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I have programmed an alternating step generator in the following way:

  • I have three LFSR. LFSR_1 is being clocked in every step.
  • Every LFSR has an initialization vector.
  • And we have a text to encrypt.

If the output of LFSR_1 is 1 :

  • LFSR_2 is being clocked and calculates its new output. LSFR_3 is not being clocked.
  • We build the sum of the output of LFSR_2 and LFSR_3 ("xor")-> sum23
  • Then the sum23 is XORed with the 1. bit of the plaintext we have to encrypt and this is the first bit of cipher.

If the output of LFSR_1 is 0:

  • LFSR_2 is not being clocked but stays the same.
  • LFSR_3 is being clocked and calculates its output.
  • We build the sum of the output of LFSR_2 and LFSR_3 ("xor")-> sum23
  • Then the sum23 is XORed with the next bit of the plaintext we have to encrypt and this is the next bit for the cipher...

My question is: I have to decrypt the cipher to the plaintext again. But I don't know how to do that?

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  • $\begingroup$ Note: irrespective of the parameterization and security of the ASG, what the question describes is not a secure cipher even by the weak notion of Known Plaintext Attack: the key is the initial state of the LFSRs, and if that key is reused KPA security fails totally. We'd need to add a setup phase with a nonce (including random) as Initialization Vector. $\endgroup$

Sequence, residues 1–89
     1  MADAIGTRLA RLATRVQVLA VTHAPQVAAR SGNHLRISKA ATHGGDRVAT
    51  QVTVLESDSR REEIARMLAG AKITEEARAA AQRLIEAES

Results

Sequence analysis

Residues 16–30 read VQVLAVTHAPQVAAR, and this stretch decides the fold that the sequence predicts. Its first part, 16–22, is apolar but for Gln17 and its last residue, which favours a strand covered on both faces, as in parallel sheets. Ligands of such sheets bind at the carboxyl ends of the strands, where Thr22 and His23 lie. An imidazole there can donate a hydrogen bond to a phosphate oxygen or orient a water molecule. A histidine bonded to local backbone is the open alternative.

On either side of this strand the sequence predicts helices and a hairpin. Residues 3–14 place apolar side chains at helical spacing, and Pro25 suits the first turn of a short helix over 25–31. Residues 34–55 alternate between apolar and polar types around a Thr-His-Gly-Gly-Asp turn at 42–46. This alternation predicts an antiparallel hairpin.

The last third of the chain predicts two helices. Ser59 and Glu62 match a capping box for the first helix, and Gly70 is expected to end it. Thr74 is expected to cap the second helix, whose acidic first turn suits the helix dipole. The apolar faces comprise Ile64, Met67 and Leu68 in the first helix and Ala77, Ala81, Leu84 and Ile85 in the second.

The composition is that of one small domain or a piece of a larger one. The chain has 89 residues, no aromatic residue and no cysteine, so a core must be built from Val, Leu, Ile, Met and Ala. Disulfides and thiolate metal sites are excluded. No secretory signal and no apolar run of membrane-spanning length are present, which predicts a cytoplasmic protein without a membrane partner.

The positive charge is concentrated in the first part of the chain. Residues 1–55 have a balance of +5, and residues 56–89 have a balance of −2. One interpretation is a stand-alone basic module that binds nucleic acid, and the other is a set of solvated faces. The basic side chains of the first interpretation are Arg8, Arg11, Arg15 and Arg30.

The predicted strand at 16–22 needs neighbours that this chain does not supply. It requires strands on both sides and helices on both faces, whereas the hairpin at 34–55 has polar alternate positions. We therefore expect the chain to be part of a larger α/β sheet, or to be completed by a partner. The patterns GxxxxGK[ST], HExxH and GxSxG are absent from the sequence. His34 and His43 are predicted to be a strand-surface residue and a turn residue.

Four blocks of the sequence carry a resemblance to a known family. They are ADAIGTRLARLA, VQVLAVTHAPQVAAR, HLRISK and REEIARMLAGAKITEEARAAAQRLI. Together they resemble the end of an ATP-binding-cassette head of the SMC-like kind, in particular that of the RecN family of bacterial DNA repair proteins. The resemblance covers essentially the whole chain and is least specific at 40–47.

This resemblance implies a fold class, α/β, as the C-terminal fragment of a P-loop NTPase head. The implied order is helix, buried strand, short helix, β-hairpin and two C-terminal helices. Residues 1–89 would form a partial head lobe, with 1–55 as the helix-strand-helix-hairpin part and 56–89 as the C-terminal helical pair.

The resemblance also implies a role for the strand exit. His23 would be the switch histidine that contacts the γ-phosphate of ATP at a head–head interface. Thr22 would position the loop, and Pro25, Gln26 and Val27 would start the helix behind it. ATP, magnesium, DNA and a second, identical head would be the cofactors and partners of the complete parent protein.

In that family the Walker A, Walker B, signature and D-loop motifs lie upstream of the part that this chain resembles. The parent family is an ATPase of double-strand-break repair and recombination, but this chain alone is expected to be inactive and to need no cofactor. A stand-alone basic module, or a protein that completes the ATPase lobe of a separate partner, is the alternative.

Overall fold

– fgrieu
    May 19 at 10:30
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Stream ciphers have a key and IV to initialize. One can design the Alternating Step Generator (ASG) to have key and IV together, though, classically is has only the key ( not IV, IVs's are not secret!).

Now, let have an ASG cipher with the key $k$. When you set the key, and clock the ASG, it will output a key-stream $S$. It is up to the designer to how to use this key-stream like they can discard the first 1000 bits (Yes, it was so common to discards initial bits of a stream cipher).

Let $S_i$ be the key-stream sequence ( i.e. bits of $S$ ). Then given a plaintext $P$ with the bit sequence $P_i$ we form the $C_i$ as

$$C_i = P_i \oplus S_i$$

This is the encryption

Now, if you want to decrypt, initialize the ASG with the same key again!. It will produce the same key-stream $S_i$ since there is no randomization, it is deterministic and must be.

Now we can recover the plaintext bits as

$$C_i \oplus S_i = (P_i \oplus S_i) \oplus S_i = P_i$$

As you can see we execute the same operation $\oplus$ for encryption and decryption. This is the beauty, simplicity, and the power of the $\oplus$

  • simple : no complicated operation for encryption and decryption, same circuit.
  • power : $\text{non-random} \oplus \text{random} = \text{random}$
  • beauty : (opinion based) a simple, reversible operation that can secure the messages!
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